Before he was interviewing movie stars or producing podcasts, horror fandom stalwart Tom Elliot was sharing his thoughts on the genre with the GeekPlanetOnline community. From grim 1970s slashers to modern CGI murder, if you need the opinion of a gorehound then Tom is your man...
In last weeks column I talked about the struggle Clive Barker is facing getting his much meddled with film Nightbreed restored to its intended form; the studio that owns the footage, frustratingly unwilling to spend a cent on what they consider a worthless endeavour. It’s not the first time a horror release hasn’t gotten the respect it deserves. Look at Paramount serving up half hearted DVD releases of the Friday the 13th series, not once, but twice. Sure, they’re okay, but considering how iconic the series is, and how dear it is to so many horror fans hearts, they really should have been better.
Of course, the bottom line is, these films probably aren’t seen as worth the time, effort and expense to really give them the releases they deserve. Fear not though, this column isn’t a rant about how poorly the horror genre is treated on DVD, because apart from the odd exception like those mentioned above, I truly believe that horror has been gifted with the finest DVD producers of any genre.
We have Anchor Bay, straddling the mainstream and the underground with releases such as Halloween, Hellraiser and Maniac. Blue Underground treating us to obscure treasures and the best of the Italian horror boom with classics like Dario Argento’s The Bird With The Crystal Plumage. Then there’s Severin Films, restoring films so obscure even I haven’t heard of most of them. These are DVD producers that treat obscurities with a care and respect that goes beyond what even some mainstream movies get.
Despite some stellar releases from all of these companies, my own company of choice is nowhere near as prolific. In fact only six of their releases actually grace my DVD shelf, but here lies part of their charm. Grindhouse Releasing is a cult film distribution company owned by actor/director Sage Stallone, and headed up by film editor Bob Murawski. Grindhouse specialise in the restoration of cult horror and exploitation films. The reason why they’re perhaps not as prolific as the previously mentioned companies is that for all involved, Grindhouse is their project between projects; the work they do between the work that really puts the food on the table. Bob Murawski’s day job alone gives him geek royalty status, having edited all of the Spider-Man films, Army of Darkness, and the excellent Drag Me To Hell, among other things.
It’s this sporadic release schedule, and part time approach to Grindhouse that I think gives it such a distinctive personality. They come back to Grindhouse Releasing because they love this stuff, and they know people like me love this stuff. They don’t just churn them out; I look forward to each Grindhouse release like an event, one made all the richer for the waiting. And when they do arrive, they never disappoint. Each film is restored to an astonishing degree; there are mainstream releases that don’t look this good. Special features are probably hard to come by on material of this type, yet they manage to include as much as possible, including linear notes. Then to top it off, beautiful bold eye popping covers that scream quality, but uphold the grimy aesthetic of the grindhouse.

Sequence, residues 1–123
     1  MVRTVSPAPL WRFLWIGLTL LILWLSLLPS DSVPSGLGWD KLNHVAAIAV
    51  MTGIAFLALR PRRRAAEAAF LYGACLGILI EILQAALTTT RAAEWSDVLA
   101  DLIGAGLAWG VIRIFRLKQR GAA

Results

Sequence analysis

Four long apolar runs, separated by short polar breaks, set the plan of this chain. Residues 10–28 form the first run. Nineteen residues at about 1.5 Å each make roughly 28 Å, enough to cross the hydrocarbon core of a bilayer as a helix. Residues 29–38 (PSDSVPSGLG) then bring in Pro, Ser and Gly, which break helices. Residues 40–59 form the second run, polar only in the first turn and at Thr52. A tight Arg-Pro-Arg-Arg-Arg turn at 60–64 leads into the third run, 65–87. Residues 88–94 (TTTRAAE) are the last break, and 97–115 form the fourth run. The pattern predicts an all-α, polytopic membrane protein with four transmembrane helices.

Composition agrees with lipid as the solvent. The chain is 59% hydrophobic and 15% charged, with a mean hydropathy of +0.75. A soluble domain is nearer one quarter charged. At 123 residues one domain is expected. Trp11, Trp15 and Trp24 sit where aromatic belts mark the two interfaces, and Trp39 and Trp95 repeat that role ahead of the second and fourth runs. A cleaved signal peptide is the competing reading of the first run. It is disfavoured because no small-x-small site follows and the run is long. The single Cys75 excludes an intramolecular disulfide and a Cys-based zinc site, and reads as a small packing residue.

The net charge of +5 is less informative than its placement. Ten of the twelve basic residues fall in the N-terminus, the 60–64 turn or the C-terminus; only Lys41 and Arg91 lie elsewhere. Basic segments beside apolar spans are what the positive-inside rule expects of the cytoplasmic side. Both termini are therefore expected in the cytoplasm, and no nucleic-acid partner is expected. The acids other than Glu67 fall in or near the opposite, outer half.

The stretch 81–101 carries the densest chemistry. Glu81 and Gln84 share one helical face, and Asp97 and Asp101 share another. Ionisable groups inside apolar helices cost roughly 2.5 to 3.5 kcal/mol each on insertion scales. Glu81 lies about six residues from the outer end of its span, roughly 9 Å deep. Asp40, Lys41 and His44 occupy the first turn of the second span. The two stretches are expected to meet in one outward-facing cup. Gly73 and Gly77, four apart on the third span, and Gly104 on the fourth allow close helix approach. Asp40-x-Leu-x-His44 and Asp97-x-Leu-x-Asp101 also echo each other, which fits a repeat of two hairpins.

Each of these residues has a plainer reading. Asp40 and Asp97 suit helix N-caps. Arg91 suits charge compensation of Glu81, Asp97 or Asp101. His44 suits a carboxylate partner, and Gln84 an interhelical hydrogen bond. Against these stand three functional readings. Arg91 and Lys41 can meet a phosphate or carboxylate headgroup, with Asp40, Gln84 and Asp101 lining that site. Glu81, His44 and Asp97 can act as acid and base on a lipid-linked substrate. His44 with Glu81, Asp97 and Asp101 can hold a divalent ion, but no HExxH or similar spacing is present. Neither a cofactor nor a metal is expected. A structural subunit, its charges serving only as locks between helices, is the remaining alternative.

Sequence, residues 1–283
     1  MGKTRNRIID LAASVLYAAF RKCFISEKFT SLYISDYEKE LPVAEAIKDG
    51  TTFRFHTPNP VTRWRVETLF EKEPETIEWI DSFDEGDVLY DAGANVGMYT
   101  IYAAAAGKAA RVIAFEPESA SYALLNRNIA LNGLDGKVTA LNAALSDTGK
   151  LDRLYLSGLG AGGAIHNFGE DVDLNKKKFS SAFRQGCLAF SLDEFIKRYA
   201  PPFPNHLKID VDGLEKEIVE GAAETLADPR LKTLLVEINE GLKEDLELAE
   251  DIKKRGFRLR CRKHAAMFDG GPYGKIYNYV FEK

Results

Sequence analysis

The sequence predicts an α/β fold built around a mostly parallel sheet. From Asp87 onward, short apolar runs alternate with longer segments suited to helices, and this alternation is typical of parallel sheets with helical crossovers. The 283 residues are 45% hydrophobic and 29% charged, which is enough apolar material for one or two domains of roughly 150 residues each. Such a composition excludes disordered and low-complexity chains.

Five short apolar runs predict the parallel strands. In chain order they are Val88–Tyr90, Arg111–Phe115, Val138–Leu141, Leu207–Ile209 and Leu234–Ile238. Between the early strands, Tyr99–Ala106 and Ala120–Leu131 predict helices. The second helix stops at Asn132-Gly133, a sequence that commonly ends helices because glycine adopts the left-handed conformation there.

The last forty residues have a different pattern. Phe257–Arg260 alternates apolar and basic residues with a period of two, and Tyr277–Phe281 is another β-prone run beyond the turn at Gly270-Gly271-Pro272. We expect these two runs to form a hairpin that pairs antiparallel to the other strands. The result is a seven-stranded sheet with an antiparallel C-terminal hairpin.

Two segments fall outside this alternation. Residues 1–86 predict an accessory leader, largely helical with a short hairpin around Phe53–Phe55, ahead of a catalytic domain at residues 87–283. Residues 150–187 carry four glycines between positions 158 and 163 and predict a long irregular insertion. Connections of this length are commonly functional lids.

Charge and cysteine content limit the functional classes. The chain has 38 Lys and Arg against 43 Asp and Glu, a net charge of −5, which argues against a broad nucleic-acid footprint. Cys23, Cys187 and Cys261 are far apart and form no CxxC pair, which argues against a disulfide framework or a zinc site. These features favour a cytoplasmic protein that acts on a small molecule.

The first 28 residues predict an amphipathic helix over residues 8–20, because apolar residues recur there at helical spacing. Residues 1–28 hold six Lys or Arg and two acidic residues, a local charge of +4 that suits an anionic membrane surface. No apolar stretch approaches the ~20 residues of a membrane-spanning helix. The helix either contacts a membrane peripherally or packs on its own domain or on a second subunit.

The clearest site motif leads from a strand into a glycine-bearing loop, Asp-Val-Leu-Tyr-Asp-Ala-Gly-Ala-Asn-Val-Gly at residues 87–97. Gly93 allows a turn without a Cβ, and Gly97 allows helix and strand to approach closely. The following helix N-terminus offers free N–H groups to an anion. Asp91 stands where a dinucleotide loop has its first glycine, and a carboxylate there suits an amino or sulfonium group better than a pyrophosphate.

I rarely buy blind these days, but Grindhouse Releasing is the kind of company where you can put yourselves in their hands, and let them guide you through the best of horror and exploitation. Admittedly, this is the more extreme end of the horror market, so it won’t be to everyone’s taste, but if you do want to explore your limits, Grindhouse Releasing is a good place to start. These are some of my favourites from Grindhouse:
I’d never heard of Pieces until I received an excited e mail from a friend. “Have you seen Pieces? I can’t believe what I just watched! You’ve got to see this!” Expecting some overlooked horror classic, I ordered the Grindhouse edition immediately, and it’s a classic alright……but not in the way I thought it’d be.
Tell you what, to save me a lot of typing about exactly how Pieces is a classic, watch this clip:
Okay, see where I’m coming from now? Pieces is filled with fabulous moments like this; random occurrences, even more random acting choices and quite possibly the most hilarious serial killer origin in slasher history. The opening scene shows our ten year old serial killer to be, happily enjoying a jigsaw puzzle of a nude woman before his mother discovers him, and after a couple of well aimed slaps to the face starts rifling through his room looking for his porn stash. She gets an axe to the head for her troubles, and we get the first of many over the top and gory kills. I’m sure the intent was to convey that the boy had lived a life smothered by his puritanical mother and just snaps, but it doesn’t quite come across that way. It’s more like “mother discovers porn, boy kills her”. Well, if that’s how serial killers are made, I’m surprised 90% of the male population aren’t!